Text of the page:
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3 Mar 2020

Rebuilding bridges across our landscapes

A wooden bridge with a metal handrail on one side spans a rushing river in a Highland woodland.
As part of our five-year footpath repair plan, we’re taking a look at some of the most remote bridges that connect our landscapes.

Here at the National Trust for Scotland, we care for over 270 miles of footpath, opening up 76,000 hectares of glorious Scottish landscapes. Our footpaths allow visitors to experience some of Scotland’s most beautiful scenery. From the mountains of Torridon and Kintail to the woodlands of Mar Lodge Estate and islands like Fair Isle and Iona, they open up access to a huge variety of landscapes and ecosystems.

A group of people walk along a dramatic mountain ridge, under a moody sky.
A spectacular ridge walk at Kintail

Over the next five years, we’re investing over £0.5 million into these footpath networks to bring them up to excellent condition. Without dedicated care and attention, our footpaths will become dangerously eroded and leave ugly scars on our beautiful landscape, leading to irreversible damage. By investing in these paths, not only do we make it easier for people to access these incredible places, but we also encourage them to stick to the path – preventing damage to the surrounding ecosystems.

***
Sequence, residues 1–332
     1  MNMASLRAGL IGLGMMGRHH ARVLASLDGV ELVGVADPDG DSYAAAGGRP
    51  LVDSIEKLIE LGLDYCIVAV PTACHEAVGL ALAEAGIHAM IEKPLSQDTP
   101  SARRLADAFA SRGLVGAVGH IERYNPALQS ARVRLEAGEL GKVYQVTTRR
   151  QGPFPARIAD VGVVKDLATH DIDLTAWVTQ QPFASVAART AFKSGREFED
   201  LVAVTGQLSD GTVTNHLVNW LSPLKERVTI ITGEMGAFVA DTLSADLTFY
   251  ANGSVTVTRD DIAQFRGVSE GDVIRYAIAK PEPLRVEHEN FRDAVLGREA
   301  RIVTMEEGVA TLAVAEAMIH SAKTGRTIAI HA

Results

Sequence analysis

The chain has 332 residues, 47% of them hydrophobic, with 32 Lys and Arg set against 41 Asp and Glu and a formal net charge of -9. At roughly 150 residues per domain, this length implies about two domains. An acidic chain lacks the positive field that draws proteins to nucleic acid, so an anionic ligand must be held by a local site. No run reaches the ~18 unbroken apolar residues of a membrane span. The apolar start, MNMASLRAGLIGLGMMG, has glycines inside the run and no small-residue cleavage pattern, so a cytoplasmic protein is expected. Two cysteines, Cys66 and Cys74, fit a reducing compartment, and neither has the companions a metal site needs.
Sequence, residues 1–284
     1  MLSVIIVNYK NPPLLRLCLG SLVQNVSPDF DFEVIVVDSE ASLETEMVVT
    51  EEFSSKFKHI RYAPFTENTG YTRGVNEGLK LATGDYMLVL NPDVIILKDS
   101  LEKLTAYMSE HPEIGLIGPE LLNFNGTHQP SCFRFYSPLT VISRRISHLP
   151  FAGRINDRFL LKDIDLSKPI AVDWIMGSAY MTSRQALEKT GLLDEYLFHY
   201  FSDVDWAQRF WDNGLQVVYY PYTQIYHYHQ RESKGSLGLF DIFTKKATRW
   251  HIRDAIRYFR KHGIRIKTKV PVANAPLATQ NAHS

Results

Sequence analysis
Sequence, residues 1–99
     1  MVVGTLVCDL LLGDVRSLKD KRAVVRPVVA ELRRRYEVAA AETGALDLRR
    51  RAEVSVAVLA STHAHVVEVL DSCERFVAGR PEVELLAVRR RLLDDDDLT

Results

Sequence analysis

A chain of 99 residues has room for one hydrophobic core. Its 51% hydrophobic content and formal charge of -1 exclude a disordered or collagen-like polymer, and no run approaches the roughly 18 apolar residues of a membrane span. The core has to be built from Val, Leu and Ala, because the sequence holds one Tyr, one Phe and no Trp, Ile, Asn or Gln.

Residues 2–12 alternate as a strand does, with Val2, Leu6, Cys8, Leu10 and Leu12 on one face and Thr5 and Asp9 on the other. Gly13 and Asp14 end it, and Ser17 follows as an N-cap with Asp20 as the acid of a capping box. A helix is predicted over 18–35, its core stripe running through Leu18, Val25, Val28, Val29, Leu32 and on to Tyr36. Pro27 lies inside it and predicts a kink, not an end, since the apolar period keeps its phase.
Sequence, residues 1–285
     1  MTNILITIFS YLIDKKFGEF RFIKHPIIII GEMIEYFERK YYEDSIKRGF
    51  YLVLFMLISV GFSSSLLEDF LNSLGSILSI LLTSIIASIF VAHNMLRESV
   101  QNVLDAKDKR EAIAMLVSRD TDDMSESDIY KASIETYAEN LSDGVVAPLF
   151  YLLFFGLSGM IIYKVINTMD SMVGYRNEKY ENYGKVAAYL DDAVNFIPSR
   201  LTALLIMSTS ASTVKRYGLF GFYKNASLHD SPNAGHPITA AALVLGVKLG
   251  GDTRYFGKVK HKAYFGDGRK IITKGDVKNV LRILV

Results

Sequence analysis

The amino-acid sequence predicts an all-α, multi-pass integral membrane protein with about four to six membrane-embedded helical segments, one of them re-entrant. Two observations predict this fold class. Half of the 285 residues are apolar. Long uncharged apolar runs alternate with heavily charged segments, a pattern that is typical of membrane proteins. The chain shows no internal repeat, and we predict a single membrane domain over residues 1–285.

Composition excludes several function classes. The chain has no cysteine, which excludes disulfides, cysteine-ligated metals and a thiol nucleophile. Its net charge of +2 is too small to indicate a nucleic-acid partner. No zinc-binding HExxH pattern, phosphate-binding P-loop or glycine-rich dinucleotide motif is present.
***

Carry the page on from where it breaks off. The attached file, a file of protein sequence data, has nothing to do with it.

Footpath repair can be long and arduous work, and accessing some of these areas is no mean feat! That’s why, particularly in the north of Scotland, it’s equally important to invest in our bridges that link up these different path networks. This year, with the generous support of the Brown Forbes Memorial Fund, we’re restoring the Glen Elchaig bridge, located on the ascent path to the Falls of Glomach and part of the popular Cape Wrath Trail.

The top of a waterfall, surrounded by a moorland mountain plateau, with mountains in the distance.
The top of the Falls of Glomach

To do this work, our footpath team has to airlift in materials by helicopter in order to overcome the rocky and dangerous terrain! Once the materials have arrived, our team will get to work to repair the damage that has occurred, mostly as a result of exposure to the elements. Bridges in these areas have to withstand Scotland’s notoriously unpredictable weather as well as the imprint of thousands of walking boots. Over time, this has caused the main beams of the Glen Elchaig bridge to become badly corroded, and it’s no longer safe to cross. This project will begin in the next few weeks so that the bridge is safe to access by spring.

Our footpath campaign would not be possible without the commitment of our fantastic supporters. There’s still time to donate to our appeal and help conserve the footpath networks – and the bridges that connect them – for the next generation of walkers.

The Footpath Fund

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Footpath fund team pushing a stone >